The true cost of our year-round supermarket appetites

Staggering over to the polythene tunnel to plant some early tomatoes, I found it awash with flowers.

In a runaway growth over winter, the flowering yellow nasturtiums now spread over a room-sized patch of land. A thicket of herbal sage has tripled its growth, racking up spiers of purple flowers.

An old corner of wallflowers is now a bench of golden flowers that squeeze around my old canvas chair. I climbed into it, drugged by the smell of it and pampered by visiting bumblebees.

The flowers had been planted for bees years ago, attracting them to pollinate tomatoes, beans and peas. They had come in the summer as solitary travellers, received individually. Now they were here in occupied dozens, maybe dozens. I sat enchanted, while bright-striped Bombus terrestris groped for velvety wallflowers on a stem that bobbed away.

These were wild bumblebees, free to come and go. But a vast international army of specially bred bumblebees spend short, servile lives cooped up in polythene tunnels and greenhouses to pollinate supermarket crops. After eight weeks of service, the fruit grows on the vines, their busy lives end, and a new colony is reserved.

In commercial “domestication”, more than a million colonies of artificially bred bumblebees are exported worldwide in a trade valued at more than 55 million euros. Some 2,000 are imported into Ireland as more and more tomato and strawberry growers buy colonies from the Netherlands.

fruit orchards

Wild honey bees have been domesticated for thousands of years and their hives are used to pollinate fruit orchards and other crops. They are nectar seekers, but tomato flowers only offer pollen. Bumblebees want pollen and buzz at different frequencies to release it from particular flowers, especially tomatoes. Pollinating the plants by hand would cost €10,000 per hectare.

For crops like strawberries, bumblebees pollinate flowers more than twice as efficiently as honey bees. While the early importation of colonies to Ireland was primarily to serve greenhouse tomatoes, nearly two-thirds now pollinate tunnel strawberries. The plants need up to five visits from bumblebees for full pollination, but they substantially increase strawberry yields and halve misshapen berries.

Two types of parasites have already been found in imported colonies in Ireland and the UK.

A native bumblebee colony has up to 200 workers. At the end of summer, the workers and the old queen die and a new fertilized queen spends the winter in hibernation to start a new colony the following spring.

A commercial colony, with a queen and 50 to 70 workers (enough to pollinate 5,000 plastic tunnel strawberry plants) is caged at the end of the season and allowed to die, with a recommended final period in a freezer to make sure they are all dead. .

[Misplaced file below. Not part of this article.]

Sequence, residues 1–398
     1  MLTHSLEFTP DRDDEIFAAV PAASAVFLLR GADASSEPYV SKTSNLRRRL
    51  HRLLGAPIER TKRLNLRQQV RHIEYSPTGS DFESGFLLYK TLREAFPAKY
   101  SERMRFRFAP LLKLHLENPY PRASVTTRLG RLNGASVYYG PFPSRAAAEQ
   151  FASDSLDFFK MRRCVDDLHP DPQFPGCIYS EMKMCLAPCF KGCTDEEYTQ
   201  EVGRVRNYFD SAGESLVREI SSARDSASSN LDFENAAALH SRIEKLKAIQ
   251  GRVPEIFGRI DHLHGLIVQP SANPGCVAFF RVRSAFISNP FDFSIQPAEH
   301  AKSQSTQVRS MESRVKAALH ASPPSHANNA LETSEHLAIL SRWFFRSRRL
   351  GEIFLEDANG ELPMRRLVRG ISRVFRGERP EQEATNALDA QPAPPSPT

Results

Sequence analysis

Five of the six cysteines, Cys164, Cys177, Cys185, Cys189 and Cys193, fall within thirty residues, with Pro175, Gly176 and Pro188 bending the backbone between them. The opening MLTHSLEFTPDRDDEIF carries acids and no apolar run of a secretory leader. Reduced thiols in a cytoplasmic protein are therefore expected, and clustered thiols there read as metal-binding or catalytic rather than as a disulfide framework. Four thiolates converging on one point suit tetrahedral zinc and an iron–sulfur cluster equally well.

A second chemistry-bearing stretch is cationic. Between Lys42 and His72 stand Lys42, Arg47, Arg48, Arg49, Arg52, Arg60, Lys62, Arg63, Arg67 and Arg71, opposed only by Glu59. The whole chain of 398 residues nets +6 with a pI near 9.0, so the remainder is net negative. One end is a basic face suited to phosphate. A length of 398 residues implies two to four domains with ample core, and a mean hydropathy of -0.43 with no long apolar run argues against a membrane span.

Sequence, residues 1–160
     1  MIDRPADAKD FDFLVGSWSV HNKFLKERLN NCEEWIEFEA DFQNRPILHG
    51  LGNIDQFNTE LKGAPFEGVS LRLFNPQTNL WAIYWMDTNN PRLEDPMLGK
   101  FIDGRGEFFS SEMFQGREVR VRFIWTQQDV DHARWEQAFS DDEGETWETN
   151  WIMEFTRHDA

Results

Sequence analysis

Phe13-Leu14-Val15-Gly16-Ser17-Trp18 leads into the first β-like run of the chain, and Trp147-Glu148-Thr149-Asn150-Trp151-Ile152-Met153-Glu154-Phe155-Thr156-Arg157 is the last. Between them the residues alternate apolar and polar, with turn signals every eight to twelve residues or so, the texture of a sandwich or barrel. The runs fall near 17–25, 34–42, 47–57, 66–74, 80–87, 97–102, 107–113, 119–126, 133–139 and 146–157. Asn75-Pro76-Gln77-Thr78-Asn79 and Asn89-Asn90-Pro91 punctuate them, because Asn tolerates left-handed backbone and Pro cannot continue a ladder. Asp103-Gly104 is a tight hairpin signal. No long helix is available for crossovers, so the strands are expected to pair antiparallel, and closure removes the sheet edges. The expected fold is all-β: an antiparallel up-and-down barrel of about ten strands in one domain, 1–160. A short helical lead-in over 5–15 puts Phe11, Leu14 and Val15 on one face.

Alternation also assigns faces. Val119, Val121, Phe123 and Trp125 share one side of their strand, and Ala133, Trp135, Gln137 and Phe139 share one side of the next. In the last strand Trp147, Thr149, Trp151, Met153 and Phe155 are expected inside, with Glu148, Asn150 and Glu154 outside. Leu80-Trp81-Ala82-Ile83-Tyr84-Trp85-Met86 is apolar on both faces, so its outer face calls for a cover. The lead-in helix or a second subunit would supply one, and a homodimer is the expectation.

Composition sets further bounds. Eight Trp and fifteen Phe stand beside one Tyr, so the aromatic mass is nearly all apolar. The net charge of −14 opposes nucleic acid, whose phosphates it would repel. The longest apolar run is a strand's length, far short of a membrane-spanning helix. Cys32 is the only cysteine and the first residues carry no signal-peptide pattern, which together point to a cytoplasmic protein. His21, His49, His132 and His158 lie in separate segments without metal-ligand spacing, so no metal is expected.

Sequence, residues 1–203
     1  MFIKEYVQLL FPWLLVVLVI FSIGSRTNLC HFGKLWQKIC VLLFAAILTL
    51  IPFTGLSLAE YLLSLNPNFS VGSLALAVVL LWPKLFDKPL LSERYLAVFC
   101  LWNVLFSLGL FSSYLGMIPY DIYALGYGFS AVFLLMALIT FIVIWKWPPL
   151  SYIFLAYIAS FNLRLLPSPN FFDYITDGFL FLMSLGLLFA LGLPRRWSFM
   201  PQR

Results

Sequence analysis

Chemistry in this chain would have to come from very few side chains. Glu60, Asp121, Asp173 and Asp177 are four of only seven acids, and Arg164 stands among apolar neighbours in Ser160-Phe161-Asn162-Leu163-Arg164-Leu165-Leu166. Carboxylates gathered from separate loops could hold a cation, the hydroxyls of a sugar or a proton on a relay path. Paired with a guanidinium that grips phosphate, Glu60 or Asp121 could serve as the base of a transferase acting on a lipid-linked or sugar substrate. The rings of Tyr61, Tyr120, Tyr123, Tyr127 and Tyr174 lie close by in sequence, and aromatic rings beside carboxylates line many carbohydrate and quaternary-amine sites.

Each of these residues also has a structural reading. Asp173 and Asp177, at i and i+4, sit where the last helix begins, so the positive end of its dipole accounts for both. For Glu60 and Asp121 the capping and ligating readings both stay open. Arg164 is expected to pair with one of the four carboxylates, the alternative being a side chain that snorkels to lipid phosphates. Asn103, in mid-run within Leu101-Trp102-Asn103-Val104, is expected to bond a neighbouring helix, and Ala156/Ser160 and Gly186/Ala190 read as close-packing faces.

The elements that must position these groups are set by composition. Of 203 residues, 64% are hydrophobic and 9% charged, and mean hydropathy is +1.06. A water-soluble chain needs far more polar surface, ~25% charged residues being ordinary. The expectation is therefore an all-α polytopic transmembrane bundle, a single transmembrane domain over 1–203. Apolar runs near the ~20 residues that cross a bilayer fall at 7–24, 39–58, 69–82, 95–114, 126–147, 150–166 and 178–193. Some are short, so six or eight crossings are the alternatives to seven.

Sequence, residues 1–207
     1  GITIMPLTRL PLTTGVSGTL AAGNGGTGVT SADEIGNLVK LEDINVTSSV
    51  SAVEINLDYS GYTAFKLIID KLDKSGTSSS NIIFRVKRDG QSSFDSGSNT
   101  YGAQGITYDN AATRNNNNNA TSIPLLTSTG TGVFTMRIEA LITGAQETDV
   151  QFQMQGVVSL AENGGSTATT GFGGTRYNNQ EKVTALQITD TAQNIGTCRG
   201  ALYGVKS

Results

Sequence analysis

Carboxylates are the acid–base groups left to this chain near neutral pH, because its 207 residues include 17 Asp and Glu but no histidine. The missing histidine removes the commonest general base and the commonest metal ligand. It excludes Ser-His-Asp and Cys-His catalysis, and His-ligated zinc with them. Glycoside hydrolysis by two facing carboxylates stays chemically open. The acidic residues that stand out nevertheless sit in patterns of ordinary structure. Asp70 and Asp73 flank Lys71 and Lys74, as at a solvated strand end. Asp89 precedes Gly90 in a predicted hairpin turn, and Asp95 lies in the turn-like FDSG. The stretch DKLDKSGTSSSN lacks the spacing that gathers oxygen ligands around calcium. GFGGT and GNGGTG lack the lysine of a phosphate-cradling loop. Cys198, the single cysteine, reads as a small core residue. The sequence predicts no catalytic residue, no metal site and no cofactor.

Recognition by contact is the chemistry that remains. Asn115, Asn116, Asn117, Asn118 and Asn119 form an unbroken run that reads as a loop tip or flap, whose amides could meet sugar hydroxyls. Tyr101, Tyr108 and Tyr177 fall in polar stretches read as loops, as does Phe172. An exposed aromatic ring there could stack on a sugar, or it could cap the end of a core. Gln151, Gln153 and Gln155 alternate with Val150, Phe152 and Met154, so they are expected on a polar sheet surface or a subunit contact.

artificial breeding

In Europe, where the main private companies export from the Netherlands and Belgium, the bumblebee species of choice for artificial propagation is Bombus terrestris, the buff-tailed bumblebee, common throughout Europe and North Africa, but with important subspecies native.

This is the bee whose great Irish queens are the first to come out in spring. But the colonies’ breeding stock wasn’t bred from the buff-tailed Irish queens, and their workers aren’t always content with captivity, either. Escaping through greenhouse gaps and polytunnel gates, they can travel up to 10 km, outcompeting native bumblebees and bringing new disease risks.

In the 30 years of captive breeding, scientific concern has grown along with industry. Studies in Canada and Japan have shown that imported bumblebees transmit diseases and parasites to native bumblebees. Two types of parasites have already been found in imported colonies in Ireland and the UK.

In the United States, where commercial colonies of Bombus impatiens have been used to pollinate wild blueberries, scientists last year called for tougher federal controls. In Ireland, in 2009, a Department of Agriculture study warned that “unregulated importation [of commercial bumblebees] could pose a serious risk to our native species.”

This is also the concern of environmentalists running the All Ireland Pollinator Scheme. They have written extensive guidelines for commercial colony users, published by the National Biodiversity Data Center.

wild irish species

Uncertainty over the origin of imported Bombus terrestris has led them to fear for the genes of the wild Irish species, long adapted to the flora, crops, landscape and climate of this island. They acknowledge that Dutch companies have started producing colonies of a subspecies native to Britain and Ireland called Bombus terrestris audax. But so far, with a limited market, no Irish domestic producer has emerged to breed them.

So we weaved our way through the rest of the natural world, adapting its useful species to our year-round supermarket appetites. Meanwhile, sitting in my unintended bower of wallflowers, I will enjoy the wild May bumblebees that come and go on their own.

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